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Bypass Surgery for Atherosclerosis PAD PVD

What is a surgical bypass for atherosclerosis/PAD/PVD?

A surgical bypass reroutes blood flow around a blocked blood vessel by creating a new pathway for blood flow using a graft.

Why is this procedure performed? Why do I need this procedure?

The goal of treatment is to re-direct the blood flow in the artery to bypass a blockage. You may need this procedure if your arteries become too narrowed or blocked from plaque inside the artery walls. If arteries are blocked, blood cannot get through to nourish the tissues, causing the muscles of the lower extremities to cramp and lose strength. In severe cases, you may develop pain or develop ulcers on your feet.

Each patient is evaluated, and treatment will be individualized for the patient's circumstances.

Where is the procedure performed and who performs this procedure?

This procedure is performed in the hospital surgical suite by a vascular surgeon.

What are the risks and potential complications of the procedure?

Your doctor will discuss the specific risks and potential benefits of the recommended procedure with you.

Bypass surgery usually has no complications, but there may be a risk of injury to the blood vessel, mild leg swelling or wound complications. Your vascular surgeon will discuss the important risks and benefits with you.

Special precautions are taken to decrease these risks, and there may be other possible risks. When you meet with your doctor, please ask questions to make sure you understand the risks of the procedure and why the procedure is recommended. Read about outcomes for bypass surgery at Cleveland Clinic.

How do I prepare for the procedure?

A few days before the procedure, pre-procedure tests may be performed to ensure that it is safe to perform the surgery. You may need to discontinue certain medications before the procedure. Your health care team will provide specific instructions to help you prepare for the procedure.

What happens during the procedure?

The surgical bypass will be performed under general anesthesia. To bypass the blockage, the surgeon makes a small opening just below the blockage in the diseased artery and places a graft, which is either a portion of one of your veins or a man-made synthetic tube. The surgeon will connect the graft above and below the blockage to allow blood around the blockage.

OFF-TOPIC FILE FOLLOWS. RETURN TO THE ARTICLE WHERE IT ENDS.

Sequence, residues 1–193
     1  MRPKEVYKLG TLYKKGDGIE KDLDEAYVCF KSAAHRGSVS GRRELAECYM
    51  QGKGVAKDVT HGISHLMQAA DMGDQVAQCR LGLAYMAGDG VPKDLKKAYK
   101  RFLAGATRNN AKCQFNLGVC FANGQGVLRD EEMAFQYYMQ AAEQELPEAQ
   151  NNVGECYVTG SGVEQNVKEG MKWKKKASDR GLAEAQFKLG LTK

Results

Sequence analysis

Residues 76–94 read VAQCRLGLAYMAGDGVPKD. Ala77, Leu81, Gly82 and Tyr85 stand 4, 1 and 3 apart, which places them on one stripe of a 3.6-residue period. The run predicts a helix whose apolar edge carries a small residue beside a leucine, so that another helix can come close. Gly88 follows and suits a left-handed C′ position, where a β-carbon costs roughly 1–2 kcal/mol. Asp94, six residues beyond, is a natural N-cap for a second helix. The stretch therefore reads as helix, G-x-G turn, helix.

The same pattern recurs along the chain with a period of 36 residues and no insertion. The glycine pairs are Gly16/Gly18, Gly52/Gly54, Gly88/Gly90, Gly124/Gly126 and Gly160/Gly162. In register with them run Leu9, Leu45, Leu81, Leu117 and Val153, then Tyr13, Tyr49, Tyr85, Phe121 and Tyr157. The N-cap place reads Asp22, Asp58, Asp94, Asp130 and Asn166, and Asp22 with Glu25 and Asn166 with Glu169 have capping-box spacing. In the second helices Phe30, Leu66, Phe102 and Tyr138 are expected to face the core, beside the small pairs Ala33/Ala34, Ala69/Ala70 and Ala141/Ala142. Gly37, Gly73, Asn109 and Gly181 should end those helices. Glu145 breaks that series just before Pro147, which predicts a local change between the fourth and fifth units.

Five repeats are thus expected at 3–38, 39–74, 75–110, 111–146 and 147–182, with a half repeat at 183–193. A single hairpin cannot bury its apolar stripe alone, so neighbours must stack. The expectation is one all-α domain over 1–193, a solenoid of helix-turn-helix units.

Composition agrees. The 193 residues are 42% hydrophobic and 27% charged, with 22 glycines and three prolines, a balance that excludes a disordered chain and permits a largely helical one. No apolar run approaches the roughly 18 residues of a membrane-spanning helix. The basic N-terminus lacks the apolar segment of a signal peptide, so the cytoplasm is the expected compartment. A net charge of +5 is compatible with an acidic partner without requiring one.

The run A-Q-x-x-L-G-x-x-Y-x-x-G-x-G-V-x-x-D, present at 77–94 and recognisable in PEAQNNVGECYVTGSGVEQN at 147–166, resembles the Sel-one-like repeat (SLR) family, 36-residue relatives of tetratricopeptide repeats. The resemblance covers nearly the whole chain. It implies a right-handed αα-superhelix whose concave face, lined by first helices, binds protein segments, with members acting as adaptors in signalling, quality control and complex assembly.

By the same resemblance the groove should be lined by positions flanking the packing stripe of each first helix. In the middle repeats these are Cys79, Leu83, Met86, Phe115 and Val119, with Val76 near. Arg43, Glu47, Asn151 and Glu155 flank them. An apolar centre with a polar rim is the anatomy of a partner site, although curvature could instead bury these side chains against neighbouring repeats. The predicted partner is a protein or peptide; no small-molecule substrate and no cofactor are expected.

How long does the procedure last?

The procedure itself generally takes three to five hours, but the preparation and recovery time add several hours. The surgery may require a minimum hospital stay of four to seven days.

What happens after the procedure?

Some patients require admission to an intensive care unit for close monitoring for about one to two days after the surgery, but this is not routine. Once the patient is transferred to the nursing unit, the hospital stay is about three to seven more days. Most patients will receive physical therapy during the recovery period.

Your doctor will provide specific guidelines for your recovery.

Are there any side effects of the treatment?

As with any surgical procedure, you will feel somewhat tired for a few weeks. You will have mild pain along the incisions, and you may experience mild leg swelling.

Results of the procedure

Restoring blood flow by performing a surgical bypass usually provides good relief of symptoms.Your doctor will discuss the results of the procedure with you. However, unless a healthy lifestyle is adopted, atherosclerosis can recur.

How do I find out if I am a candidate for this procedure?

To find out if you are a candidate for this procedure, please call the Vascular Surgery Department at 216.444.4508 or 800.223.2273 ext. 4-4508.

References

Talk to a Nurse: Mon. - Fri., 8:30 a.m. - 4 p.m. (ET)

Call a Heart & Vascular Nurse locally 216.445.9288 or toll-free 866.289.6911.

Schedule an Appointment

Toll-free 800.659.7822

This information is provided by Cleveland Clinic and is not intended to replace the medical advice of your doctor or health care provider. Please consult your health care provider for advice about a specific medical condition.

© Copyright 2014 Cleveland Clinic. All rights reserved.

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